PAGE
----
Since ‘Pomo’ declined as the dominant force of corporate architecture, High-Tech has been the architecture of choice for business. If there was a block of offices built near you in the last twenty years, then it was probably constructed in this style, the UK’s main contribution to architectural culture of the last generation, always to be associated with the names of Norman Foster and Richard Rogers. I’ve been thinking about these two a lot since I visited the ‘First Works’ show at the Architectural Association recently. ‘First Works’ was an excellent survey of ‘critical’ or ‘experimental’ practice from the period 1960-80, although somewhat spoiled by the AA’s incessant self-aggrandisement. In amongst all the usual suspects of ‘radical’ architecture (Hadid, Libeskind, Koolhaas etc…) was a little project by Foster and Rogers, as half of Team 4, the practice they set up with their respective spouses after studying at Yale. If now it seems strange, considering the ubiquity of the style with which they are associated, that these two architects would ever be included in a list of ‘experimentalists’, it wasn’t always thus; the successes their style has achieved have to a certain extent masked the strangeness of their work when its smothering influence wasn’t quite so pervasive.

But oh! How pervasive it has become! Not only the rise of the airport, but the decline of the factory, the all-conquering supermarket and the vast swathes of shimmering glass that house the only people who make any money any more… These typologies and social changes have all been draped in the garb of British High-Tech. I’ve been trying to get my head around this success for a while now – any regular readers will know about my notion of Architectural Failure, and in this instance there’s an almost perfect example of the concept. To briefly explain: the prototypes of modernism in architecture, the iron-and-glass buildings, were primarily built for a number of functions; department stores, exhibitions, glass houses and railway stations. It’s no secret that the British High-Tech architects were deeply influenced by the Victorian ‘engineer-geniuses’ who constructed these proto-modernist edifices, and a strong claim for a direct lineage from Brunel (stood as ever in front of that massive chain) is often made. But this inheritance is problematic, for a number of reasons, not least of which is the utter banality of the contemporary spaces created by our current architects. Just one example; any of you living in London might have experienced Foster’s refurbishment of Spitalfields Market in East London. A more terrifyingly blank, spiritless and depressing space I have yet to experience; this is a version of the city fit only for the smiling ghosts of computer visualisations, a purgatory of Giraffe restaurants and Walkabout bars, ‘media walls’ and used-book stalls that only sell new books by Alain de Botton, all cast in the gloomy shadow of some of the most generic commercial offices you’ve ever seen. When you think that this is the best that humanity can offer itself after a million years of gasping struggle and agonisingly slow cultural development, well…

But that’s enough hyperbole. The only question I’m really grasping at is this – if, despite superficial appearances, British High-Tech is not the unproblematic cultural successor to the Iron-and-Glass buildings of the 19th century, then where does it come from? A couple of texts I read recently have greatly helped to frame this problem.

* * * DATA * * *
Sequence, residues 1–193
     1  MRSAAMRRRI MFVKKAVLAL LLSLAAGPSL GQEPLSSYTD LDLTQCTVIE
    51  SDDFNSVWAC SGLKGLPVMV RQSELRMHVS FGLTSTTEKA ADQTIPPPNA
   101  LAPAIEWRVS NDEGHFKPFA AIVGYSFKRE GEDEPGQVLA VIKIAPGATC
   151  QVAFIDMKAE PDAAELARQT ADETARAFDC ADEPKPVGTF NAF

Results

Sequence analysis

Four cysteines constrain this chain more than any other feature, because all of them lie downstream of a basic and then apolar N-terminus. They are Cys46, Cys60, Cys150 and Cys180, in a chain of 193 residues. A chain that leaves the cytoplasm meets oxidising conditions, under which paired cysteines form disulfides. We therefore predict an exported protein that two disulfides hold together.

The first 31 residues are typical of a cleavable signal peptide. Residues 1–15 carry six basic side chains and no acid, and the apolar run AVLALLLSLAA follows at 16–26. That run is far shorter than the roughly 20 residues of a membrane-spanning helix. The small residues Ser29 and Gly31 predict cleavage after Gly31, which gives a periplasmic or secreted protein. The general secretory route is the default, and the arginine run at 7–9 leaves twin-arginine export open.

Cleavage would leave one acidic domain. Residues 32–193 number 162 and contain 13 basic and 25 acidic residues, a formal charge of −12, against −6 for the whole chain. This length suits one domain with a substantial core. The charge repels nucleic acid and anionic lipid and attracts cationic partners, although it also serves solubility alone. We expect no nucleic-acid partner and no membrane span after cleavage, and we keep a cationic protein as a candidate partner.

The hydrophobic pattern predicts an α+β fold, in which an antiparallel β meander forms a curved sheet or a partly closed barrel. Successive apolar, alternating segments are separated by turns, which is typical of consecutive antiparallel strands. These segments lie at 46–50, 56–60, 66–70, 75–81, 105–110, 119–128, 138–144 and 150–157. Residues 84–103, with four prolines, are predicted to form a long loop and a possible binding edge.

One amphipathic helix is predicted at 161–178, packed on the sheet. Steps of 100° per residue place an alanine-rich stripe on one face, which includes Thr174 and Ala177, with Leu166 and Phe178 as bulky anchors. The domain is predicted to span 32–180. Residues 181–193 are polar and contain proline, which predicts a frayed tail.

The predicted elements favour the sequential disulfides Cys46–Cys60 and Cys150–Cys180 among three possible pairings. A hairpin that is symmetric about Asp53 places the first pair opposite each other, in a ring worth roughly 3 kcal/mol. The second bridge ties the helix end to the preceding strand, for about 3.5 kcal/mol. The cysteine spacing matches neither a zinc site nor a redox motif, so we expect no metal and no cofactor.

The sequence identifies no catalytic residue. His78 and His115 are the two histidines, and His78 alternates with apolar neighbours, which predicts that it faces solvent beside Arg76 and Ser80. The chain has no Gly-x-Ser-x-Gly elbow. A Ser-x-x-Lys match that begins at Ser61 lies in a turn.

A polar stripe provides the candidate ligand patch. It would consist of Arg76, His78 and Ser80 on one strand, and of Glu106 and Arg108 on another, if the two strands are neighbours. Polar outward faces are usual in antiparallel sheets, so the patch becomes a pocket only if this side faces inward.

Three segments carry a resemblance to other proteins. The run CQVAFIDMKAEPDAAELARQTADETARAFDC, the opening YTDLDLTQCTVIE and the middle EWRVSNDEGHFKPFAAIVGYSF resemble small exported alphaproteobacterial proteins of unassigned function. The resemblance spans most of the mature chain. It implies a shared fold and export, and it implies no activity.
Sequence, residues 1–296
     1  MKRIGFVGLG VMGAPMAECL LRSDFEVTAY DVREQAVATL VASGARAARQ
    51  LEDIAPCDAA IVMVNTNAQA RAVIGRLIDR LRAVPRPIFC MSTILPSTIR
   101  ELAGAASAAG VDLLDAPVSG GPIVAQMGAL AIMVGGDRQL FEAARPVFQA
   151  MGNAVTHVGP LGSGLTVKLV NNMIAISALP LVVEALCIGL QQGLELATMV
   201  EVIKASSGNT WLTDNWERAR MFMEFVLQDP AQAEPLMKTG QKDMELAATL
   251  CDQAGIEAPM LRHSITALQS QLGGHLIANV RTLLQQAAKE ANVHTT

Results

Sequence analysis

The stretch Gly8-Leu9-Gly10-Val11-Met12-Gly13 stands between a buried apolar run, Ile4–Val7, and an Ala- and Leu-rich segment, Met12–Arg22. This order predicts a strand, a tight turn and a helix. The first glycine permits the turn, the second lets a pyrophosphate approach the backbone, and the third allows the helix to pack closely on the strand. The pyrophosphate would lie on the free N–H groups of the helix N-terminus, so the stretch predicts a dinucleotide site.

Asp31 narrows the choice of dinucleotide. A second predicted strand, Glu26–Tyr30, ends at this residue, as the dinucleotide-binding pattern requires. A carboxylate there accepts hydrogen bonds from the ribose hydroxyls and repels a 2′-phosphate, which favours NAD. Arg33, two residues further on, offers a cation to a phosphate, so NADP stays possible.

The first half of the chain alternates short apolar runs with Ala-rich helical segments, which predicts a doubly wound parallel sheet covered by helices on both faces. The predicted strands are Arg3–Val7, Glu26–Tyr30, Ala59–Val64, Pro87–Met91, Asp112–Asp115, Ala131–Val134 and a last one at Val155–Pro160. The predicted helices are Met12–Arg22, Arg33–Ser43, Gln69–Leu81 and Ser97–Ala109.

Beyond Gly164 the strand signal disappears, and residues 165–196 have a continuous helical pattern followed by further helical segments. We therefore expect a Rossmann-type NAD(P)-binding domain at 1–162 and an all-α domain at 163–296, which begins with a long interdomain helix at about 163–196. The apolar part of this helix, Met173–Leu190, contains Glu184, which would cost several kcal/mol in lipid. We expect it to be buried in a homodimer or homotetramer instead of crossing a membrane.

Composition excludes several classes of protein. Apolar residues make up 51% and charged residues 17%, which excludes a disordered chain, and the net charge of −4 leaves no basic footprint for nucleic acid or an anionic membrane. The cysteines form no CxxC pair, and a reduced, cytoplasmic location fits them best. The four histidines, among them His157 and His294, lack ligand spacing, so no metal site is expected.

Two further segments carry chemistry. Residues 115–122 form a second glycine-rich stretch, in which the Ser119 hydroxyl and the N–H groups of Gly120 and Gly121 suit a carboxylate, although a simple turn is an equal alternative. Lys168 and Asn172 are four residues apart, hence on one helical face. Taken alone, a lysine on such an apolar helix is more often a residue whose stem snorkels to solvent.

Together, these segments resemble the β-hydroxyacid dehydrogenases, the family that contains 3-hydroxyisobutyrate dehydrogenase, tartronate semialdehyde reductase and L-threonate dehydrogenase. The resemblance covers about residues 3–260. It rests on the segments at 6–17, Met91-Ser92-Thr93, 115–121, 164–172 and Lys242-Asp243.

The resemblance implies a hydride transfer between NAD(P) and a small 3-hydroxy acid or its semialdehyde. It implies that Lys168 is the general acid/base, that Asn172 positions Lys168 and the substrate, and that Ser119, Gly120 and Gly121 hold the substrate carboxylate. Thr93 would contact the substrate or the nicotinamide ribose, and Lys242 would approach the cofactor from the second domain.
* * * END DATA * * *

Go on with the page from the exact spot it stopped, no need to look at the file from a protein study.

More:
One of these texts is Architecture and the Special Relationship, by Murray Fraser and Joe Kerr, which makes a very convincing case that, far from being the unproblematic re-enactment of Victorian engineering, British Hi-Tech is born of a naïve dream of an America which never existed. The case hinges around the fact that Rogers and Foster met each other doing their post-grad studies at Yale in the early 1960s, becoming friends and then colleagues. Feeling liberated from the stifling economic, cultural and historical environment of Europe, they studied under Paul Rudolph and John Johansen, travelled around the USA visiting buildings (something they apparently never did while in Europe) and paid particularly close attention to the educational buildings of Ehrenkrantz, early examples of ‘system building’. The lightweight architecture and simplistic rhetoric of this American scene is in marked contrast to the agony, mysticism and weight that you can see developing in European modernism at the time.

Transplanted into the confident environment of the USA, it was here that functionalism began to gradually become solutionism – just take this quote from Rogers;

Returning to Britain to set up our first architectural practice (Team 4, comprising Norman and Wendy Foster, Su Rogers and myself) we realised the importance of the American experience where the architect is a genuine problem-solver rather than a mere stylist. We understood that the traditional European approach, constrained by cultural and formal conventions, could never meet the needs of a changing society that we were going to try to serve.

Basically, in a statement like this you have a complete and utter denial of the ideological aspect of architecture. I mean; if this attitude hadn’t been so damaging in the long term you could find it endearing, this ludicrously naïve faith in the benign nature of technology, this abdication of responsibility… One of the most pernicious things about the Solutionist narrative is the idea that by declaring something insignificant, it will just go away; but time and time again in architecture we see that the cheerfully optimistic dismissal of mere trifles such as ‘style’ or ‘culture’ or ‘form’ leads to vulgarity and re-appropriation. In a mission statement like that above, one can read all kinds of premonitions; not least the impending post-modern concern with meaning and communication.